It is a huge struggle. I know from the outset that I am outmatched. But I still have to try. It would be way easier to give up and just go watch other people wrestle (I could go hit the commentaries or listen to sermons, etc.) but I know that a better reward awaits if I will just keep trying. And so on we go, round and round.

Until, at some point, the text simple yields its meaning to me. Unlike a real wrestling match, the text willingly pounds the mat to let me know I have won. God opens my mind, connects the dots, and it becomes so clear and obvious to me that I wonder why I could not see it in the first hour of the match.

This is the first phase of sermon preparation – the exegesis. It isn’t everything, but there is nothing more foundational than this. This is the hard work of a preacher’s Monday and Tuesday (at least) and without this crucial part, the sermon will have little life on Sunday.

There are so many reasons why I love preaching. The early-week wrestling match is chief among them.

Open my eyes that I may see the wonderful things in your word.” Psalm 119.18

How to Keep the Spring a Bubbl’in

Preaching week in and week out is the most wonderful job on the planet. In fact, it is not a job. It is something way more than that. In every sense of the word it is a calling; and a joyous one at that.

Even so, it is not easy. I am working right now on a pretty big project: preaching through the book of 1 Corinthians. It is a very practical letter, but it is still really hard to preach through verse-by-verse. I am about 15 sermons into it, which places me at 1 Corinthians 4. One of the pressures I acutely feel is how to not sound the same every week, especially when working several weeks through a long passage. If the big theme of the text is the same, then sometimes the sermons sound the same. The tone, the emphasis, and even the kind of illustrations can sound the same. That is dangerous because the preacher can lose his people and the urgency of the message if he doesn’t break up the monotony (and being monotonous with glorious things has to be a sin!). So the question is, how do we keep things fresh?

The answer for me is to keep the spring bubbling in my heart. If each new nook and cranny of truth is exciting and fresh to me, I couldn’t make it monotonous if I tried. So I have to read the text each week with fresh eyes and a longing heart, asking God to continue showing me the wonderful things from his Word. The spring of my preaching does not flow from me (which is a good thing, because if it did, it would make the Gobi look tropical). So I have to keep seeing the glorious things as they are, and not let my ministry of preaching (or other things) get in the way of personally seeing and feeling the message of God’s Word.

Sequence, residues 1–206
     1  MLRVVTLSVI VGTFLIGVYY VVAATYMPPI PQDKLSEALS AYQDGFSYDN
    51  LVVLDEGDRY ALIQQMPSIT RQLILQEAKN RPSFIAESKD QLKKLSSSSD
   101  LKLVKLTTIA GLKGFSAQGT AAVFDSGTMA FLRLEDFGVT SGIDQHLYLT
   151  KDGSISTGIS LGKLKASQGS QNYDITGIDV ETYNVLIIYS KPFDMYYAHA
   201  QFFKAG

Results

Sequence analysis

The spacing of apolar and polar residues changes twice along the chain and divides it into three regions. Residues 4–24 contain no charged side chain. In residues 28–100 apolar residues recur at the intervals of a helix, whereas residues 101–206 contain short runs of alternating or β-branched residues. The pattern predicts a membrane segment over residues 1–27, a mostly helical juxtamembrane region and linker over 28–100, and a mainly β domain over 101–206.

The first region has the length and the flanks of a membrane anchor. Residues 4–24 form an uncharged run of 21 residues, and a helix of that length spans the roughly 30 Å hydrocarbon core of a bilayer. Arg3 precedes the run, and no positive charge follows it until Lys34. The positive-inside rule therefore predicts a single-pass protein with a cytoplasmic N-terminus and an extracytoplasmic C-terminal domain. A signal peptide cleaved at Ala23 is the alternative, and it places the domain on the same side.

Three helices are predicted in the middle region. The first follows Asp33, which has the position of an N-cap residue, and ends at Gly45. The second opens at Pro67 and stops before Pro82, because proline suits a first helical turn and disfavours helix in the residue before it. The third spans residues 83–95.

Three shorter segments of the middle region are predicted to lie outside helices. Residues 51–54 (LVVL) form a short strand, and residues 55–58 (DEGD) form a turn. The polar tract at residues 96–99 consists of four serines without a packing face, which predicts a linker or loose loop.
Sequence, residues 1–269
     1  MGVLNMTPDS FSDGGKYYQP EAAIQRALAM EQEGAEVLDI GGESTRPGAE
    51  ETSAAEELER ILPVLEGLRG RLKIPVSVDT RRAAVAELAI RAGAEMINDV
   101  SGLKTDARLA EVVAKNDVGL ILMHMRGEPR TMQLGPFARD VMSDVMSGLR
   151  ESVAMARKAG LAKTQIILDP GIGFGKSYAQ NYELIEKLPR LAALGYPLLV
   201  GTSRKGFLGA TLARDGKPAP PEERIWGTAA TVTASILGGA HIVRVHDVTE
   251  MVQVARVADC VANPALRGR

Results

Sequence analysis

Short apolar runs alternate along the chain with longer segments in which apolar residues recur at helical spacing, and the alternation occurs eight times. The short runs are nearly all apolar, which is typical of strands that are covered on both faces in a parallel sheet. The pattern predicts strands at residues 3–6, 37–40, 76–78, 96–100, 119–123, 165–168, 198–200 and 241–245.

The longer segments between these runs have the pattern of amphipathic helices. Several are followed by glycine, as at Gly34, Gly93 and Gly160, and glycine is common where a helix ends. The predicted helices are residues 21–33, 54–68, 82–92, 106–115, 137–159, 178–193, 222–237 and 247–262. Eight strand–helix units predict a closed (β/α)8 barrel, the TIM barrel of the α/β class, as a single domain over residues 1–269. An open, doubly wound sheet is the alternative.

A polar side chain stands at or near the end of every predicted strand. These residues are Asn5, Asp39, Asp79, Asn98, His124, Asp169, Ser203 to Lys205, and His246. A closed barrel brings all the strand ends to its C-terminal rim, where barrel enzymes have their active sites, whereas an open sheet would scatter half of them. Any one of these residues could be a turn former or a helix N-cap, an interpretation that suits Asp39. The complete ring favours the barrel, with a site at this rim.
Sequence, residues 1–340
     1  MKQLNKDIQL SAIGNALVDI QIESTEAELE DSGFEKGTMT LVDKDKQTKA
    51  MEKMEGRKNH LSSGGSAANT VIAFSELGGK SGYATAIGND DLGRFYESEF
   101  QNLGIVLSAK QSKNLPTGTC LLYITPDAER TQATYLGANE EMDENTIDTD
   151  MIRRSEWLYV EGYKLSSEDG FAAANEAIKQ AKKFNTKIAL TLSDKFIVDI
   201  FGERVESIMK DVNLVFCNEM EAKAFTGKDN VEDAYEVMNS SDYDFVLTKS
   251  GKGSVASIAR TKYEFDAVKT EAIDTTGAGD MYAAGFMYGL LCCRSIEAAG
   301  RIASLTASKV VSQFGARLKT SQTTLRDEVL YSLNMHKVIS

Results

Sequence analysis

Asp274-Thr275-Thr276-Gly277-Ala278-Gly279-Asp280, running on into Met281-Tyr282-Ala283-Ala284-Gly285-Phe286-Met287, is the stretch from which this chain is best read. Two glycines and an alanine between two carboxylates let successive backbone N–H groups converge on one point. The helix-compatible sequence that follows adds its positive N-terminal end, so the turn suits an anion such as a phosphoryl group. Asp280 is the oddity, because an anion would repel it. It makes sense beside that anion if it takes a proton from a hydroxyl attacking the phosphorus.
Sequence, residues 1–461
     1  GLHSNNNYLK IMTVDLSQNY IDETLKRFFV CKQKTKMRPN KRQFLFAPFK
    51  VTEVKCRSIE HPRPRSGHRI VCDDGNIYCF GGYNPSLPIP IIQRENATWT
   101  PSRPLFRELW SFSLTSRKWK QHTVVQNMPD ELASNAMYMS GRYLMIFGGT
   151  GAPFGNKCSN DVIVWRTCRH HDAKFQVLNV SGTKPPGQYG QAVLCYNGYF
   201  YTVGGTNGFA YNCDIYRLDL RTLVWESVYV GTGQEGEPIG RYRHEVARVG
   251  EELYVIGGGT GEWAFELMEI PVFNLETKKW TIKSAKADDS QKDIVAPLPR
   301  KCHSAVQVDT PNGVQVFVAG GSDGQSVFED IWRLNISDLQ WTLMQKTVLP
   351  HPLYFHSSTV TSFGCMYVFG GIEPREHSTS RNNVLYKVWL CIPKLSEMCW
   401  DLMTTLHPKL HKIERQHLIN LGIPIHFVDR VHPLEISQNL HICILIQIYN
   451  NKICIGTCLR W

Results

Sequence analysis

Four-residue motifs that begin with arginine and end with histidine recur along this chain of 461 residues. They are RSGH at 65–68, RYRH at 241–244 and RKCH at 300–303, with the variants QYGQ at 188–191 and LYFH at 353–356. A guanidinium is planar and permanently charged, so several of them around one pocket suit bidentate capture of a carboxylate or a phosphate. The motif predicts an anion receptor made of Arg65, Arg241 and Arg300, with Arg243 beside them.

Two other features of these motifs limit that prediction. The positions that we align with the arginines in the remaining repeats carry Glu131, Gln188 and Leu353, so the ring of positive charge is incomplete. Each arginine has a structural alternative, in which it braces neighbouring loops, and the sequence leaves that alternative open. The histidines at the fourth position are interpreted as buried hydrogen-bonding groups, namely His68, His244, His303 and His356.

Besides reading the passage closely and carefully and even devotionally, here are five other things I do to keep the spring bubbling.

1. I have developed a habit of listening to other preachers’ sermons. We expect our people to listen to sermons to help them in their spiritual lives (usually our sermons). We should expect no less from ourselves. This is actually pretty important to me, because I dry up so quickly. As an added benefit, listening to others helps me gain a fresh perspective on ways to say stuff, and helps me get better at illustrating concepts, etc. I think it’s best to listen to several different preachers (if I listen to just one I will sound just like him after a while.) I listen to mostly reformed guys like Piper, Keller, DeYoung, Chandler, Carson and also Begg, McArthur and a few lesser known pastors with podcasts. I find the time by listening while I walk to my study each morning (20 minute walk, so the round trip is one full sermon), and while I run, mow, walk the dog, cook breakfast and as I do odd mindless jobs around the house.

2. I work at developing and maintaining strong reading habits. I try to keep a non-fiction (biography or theology) and a fiction book going all the time, and I work to finish the books I begin (unless they’re awful). I try to read at least one book a year on preaching, pastoral ministry, and missions. This helps me to stay fresh, and also helps me collect material for illustrating theo-concepts. And, of course, it helps me grow in many other ways. Spurgeon was right, the man who doesn’t read has no one to quote and will himself be quoted by none.

3. I try to get good feedback. This is the most difficult because people who 1) know what good preaching is and are 2) willing to give constructive feedback are rare. But it is important. I look for people who are willing to be lovingly brutal.

4. From time to time, I try to shake up my preaching schedule. I see the value in taking breaks from the big project and either hitting a topic (which I try to do expositionally ) or a “mini-series” on a different type of text (like a Minor Prophet, for example). I do this especially with special annual events (e.g., Advent, Thanksgiving, and even Labor Day). Currently, I go on 6 to 10-sermon stretches on 1 Corinthians, and then take a one to three-week detour. Your mileage may vary.

5. I get good help from my church. A church and a pastor develop together, so if the church wants me to improve in my preaching they have to put forth effort too. Mine does, and I love that. They benefit and so do I.  They give me a generous book budget for my use, and fully fund at least one pastors’ conference a year. They also give me no grief about the amount of time I spend in my study; they want me to study. They want me to do other things too, like counseling, follow up, administration, vision forming, elder retreat planning, ministry oversight, community representation and visiting people in the hospital, etc., but they see (and hear) the value of my study time.

Those are ways that I have found helpful to keep the spring bubbling and, consequently, the sermons fresh. I hope sharing that helps someone out there.